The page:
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The Chase Sapphire Reserve has been a long time favorite of the points and miles community. When it first launched in 2016, the 100k Ultimate Rewards sign up bonus was a sweet deal that made it an instant favorite.

Since then it has remained in the upper echelon of premium rewards cards. Chase recently increased the CSR annual fee from $450 to $550 and that led to multiple stories of travelers revisiting the card’s value proposition. The $100 increase in the annual fee was cushioned to a degree by the added LYFT and Door Dash benefits. This is on top of the other benefits that remained intact including Priority Pass Membership, 3x points on travel, 1.5x redemption value when points are redeemed for travel, the $300 annual travel credit and more. At this point, I believe that I will still get enough value out of the CSR to justify the $550 and many others will agree.

Why Do Banks Offer Benefits?

However, we need to keep in mind that Chase is in the business of making money. The CSR is a big part of this strategy.  While the CSR card does provide tons of value for travelers, Chase provides this card and the associated benefits because overall the bank makes more in revenue from the card than it pays out in rewards and benefits.  To understand how this card and others make money for their issuing banks, let’s take a quick look at a few things that drive credit card revenue.

  • Fees from merchants- These are typically 1.5-3.5% of each transaction
  • Annual fees
  • Interest on unpaid balances (In the points and miles game you should always pay off your cards each month!!)
  • Miscellaneous fees- Late fees, balance transfer fees, foreign transaction fees, etc.

Is this CSR Benefit better for Chase or Consumers?

On the opposite end of the spectrum are the costs (what we know as benefits and points) and these are what keeps customers using their card and driving the banks’ revenue. This is where the $300 travel credit of the CSR is so ingenious. Most points and miles bloggers gush over how great the $300 travel credit is because it is “so flexible”.

Did Chase set up this benefit to be flexible in order to benefit their customers? I’ve always thought the $300 travel credit was actually kind of silly. It’s easy to meet the requirements and I have always paid a $450 fee to get $300 back typically within a month or two. I’ve thought and have heard others argue that the CSR true annual fee was $150 (now $250) because of the credit. Fair enough but why even bother to have a credit that I imagine all cardholders will hit?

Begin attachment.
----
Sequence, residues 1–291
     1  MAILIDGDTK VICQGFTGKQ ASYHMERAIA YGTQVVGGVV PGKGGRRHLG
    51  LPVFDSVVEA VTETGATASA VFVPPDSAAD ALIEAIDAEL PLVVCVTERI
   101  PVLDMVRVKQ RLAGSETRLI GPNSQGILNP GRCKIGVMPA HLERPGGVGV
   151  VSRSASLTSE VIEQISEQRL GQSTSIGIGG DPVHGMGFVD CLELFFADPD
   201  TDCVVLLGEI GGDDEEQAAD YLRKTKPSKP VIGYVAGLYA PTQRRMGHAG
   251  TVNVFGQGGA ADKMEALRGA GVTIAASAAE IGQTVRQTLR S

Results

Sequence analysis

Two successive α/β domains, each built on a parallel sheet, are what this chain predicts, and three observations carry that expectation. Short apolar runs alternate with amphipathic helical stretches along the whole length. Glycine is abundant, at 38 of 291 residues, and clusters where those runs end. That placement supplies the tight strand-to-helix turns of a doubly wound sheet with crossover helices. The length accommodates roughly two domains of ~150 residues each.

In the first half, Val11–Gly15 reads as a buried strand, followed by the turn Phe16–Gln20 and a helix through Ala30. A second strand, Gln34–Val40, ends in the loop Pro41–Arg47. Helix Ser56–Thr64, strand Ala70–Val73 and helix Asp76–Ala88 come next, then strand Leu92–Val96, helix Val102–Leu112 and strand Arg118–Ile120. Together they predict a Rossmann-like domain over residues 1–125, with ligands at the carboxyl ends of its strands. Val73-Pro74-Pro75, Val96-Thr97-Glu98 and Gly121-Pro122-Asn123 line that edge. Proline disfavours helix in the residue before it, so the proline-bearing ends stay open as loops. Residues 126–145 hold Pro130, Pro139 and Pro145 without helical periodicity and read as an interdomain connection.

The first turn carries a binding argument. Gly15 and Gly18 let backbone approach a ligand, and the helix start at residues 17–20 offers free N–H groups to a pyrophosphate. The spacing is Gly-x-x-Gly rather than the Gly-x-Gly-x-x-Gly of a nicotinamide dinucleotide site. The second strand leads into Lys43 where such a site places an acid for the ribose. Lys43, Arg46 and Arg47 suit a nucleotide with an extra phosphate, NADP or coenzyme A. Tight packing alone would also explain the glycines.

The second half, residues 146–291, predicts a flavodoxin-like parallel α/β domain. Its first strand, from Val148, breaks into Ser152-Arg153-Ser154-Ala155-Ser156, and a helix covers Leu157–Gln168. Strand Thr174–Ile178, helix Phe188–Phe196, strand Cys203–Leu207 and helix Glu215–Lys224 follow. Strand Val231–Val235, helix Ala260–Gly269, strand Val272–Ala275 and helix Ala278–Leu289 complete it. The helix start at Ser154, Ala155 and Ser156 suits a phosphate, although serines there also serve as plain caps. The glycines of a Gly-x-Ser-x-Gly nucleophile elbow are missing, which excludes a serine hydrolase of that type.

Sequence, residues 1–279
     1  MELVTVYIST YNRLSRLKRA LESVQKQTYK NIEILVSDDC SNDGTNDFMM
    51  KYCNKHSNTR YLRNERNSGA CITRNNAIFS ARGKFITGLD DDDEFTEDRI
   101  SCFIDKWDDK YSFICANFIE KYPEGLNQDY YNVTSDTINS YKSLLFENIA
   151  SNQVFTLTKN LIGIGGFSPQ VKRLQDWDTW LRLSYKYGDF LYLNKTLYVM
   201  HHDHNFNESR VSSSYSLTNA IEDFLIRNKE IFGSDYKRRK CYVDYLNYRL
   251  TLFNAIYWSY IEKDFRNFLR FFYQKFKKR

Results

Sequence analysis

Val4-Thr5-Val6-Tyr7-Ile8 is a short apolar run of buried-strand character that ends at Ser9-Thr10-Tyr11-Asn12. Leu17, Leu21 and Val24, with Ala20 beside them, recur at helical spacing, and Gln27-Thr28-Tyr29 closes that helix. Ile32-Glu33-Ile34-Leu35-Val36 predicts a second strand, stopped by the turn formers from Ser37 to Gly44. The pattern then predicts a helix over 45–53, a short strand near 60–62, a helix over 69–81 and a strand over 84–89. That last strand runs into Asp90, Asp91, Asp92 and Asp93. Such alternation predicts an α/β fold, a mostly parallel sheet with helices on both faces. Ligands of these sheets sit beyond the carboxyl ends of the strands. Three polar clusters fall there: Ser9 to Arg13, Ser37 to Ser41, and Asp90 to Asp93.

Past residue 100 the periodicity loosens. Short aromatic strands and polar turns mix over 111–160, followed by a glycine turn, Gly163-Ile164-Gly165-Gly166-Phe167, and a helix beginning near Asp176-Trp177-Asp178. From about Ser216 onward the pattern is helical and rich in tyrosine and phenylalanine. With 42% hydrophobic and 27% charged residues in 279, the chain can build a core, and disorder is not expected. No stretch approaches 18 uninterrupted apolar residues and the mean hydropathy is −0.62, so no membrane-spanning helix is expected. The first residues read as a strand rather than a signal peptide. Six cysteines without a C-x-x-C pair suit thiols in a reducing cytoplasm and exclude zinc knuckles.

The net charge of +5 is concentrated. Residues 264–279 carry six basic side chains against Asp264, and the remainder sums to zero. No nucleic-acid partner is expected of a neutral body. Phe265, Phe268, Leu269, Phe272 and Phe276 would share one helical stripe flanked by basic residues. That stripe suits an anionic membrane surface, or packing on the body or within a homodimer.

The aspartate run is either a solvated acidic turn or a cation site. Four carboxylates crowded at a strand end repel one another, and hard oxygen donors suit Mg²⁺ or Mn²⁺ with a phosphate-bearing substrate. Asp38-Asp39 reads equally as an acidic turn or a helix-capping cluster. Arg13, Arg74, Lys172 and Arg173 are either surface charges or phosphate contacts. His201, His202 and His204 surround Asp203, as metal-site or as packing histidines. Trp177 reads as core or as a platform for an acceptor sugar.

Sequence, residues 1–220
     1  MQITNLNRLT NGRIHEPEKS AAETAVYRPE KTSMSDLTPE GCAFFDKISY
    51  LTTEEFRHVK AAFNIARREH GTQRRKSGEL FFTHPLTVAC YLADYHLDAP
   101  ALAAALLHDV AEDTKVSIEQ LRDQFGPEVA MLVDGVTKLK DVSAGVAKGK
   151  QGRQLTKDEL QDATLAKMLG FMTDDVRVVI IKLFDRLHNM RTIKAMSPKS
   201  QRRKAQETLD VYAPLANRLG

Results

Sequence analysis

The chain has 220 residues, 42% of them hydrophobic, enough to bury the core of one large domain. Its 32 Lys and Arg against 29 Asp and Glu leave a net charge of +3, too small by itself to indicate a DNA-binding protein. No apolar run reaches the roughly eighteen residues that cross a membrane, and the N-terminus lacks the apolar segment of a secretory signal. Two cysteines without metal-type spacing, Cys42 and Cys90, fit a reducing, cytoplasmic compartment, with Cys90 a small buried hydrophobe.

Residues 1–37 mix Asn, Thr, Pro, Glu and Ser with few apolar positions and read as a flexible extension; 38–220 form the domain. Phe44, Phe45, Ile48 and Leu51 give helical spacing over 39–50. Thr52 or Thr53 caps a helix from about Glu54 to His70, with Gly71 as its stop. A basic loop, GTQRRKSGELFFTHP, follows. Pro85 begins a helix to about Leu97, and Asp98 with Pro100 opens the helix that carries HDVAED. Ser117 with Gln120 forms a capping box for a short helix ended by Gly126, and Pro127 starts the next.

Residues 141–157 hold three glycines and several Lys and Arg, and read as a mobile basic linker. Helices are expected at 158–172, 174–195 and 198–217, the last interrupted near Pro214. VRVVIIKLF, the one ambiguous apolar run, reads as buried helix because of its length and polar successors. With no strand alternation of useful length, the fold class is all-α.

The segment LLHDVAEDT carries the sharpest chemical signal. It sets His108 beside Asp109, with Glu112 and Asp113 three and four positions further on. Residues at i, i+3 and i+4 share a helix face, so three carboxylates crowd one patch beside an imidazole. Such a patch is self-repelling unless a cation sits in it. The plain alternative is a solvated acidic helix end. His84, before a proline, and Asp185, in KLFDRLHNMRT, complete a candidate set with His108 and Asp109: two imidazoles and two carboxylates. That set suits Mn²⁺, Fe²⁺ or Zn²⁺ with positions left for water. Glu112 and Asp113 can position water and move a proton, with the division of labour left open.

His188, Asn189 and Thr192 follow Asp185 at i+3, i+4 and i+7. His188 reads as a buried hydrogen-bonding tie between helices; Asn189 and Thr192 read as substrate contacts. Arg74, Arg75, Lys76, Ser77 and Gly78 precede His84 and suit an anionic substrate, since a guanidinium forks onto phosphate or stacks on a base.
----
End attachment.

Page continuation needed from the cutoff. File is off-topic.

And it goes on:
How the Travel Credit Benefits Chase

This is a clever marketing ploy and a great business decision by Chase. First, I have read countless stories about and heard multiple people tout the CSR as a great card and list the $300 travel credit as a huge perk. Great job on creating advocates for the card Chase!  That “salesforce” of happy cardholders has done a great job spreading the CSR gospel.

Secondly, the $300 travel credit doesn’t earn the 3x travel credit like a normal purchase would. This equates to 900 UR points which are worth $9 when redeemed for cash (I hope you are not doing that) or $13.50 when used to redeem travel on the Chase portal. This is the opportunity cost to each of us as a consumer. I think individually most of us say “So what?” and this is where the business acumen of Chase comes into play.

How Much Are We Talking About?

In the 2018 letter to shareholders, Chase shared its business results which included an impressive 99 million debit and credit cards with over $1 trillion in customer purchases. Since there are multiple Chase cards and the company does not break out the numbers for each card individually, it is tough to gauge how many CSR cards there actually are in the wild. With that in mind, these next numbers are estimates of the savings in rewards payouts that Chase keeps each year due to the $300 annual travel credit. I welcome you to add your own! Here is what I did in the table below.

Based on there being 99 million Chase debit and credit cards, and using several hypothetical percentages of that total being CSR cards, I’ve calculated the total number of CSR cards. I then took this number times the $13.50 in rewards “savings” that Chase realizes from not having to pay the 3x points on travel on the $300 travel credit to estimate the total annual savings to Chase from all customers.

As you can see, the cost savings really add up and this is only for one year! Even using extremely conservative estimates of the number of CSR cards issued since the 2016 CSR launch, we are looking at upwards of $100 million in rewards savings for a “benefit” that for most of us is a wash.

A Smart Strategy

My argument is that the $300 travel credit is nothing more than a smart strategy to get people talking about the CSR and to avoid paying the 3x on travel purchases for a portion of each cardholder’s travel purchases each year. I think it is an extremely shrewd tactic from Chase. I hope you think about it next time someone touts the CSR $300 travel credit as a great benefit since it is really costing you $13.50!

What are your thoughts on this analysis?  Do you agree, disagree or not care?  Let us know in the comments!


Points With a Crew has partnered with CardRatings for our coverage of credit card products. Points With a Crew and CardRatings may receive a commission from card issuers. Other links on this page may also pay me a commission - as always, thanks for your support if you use them
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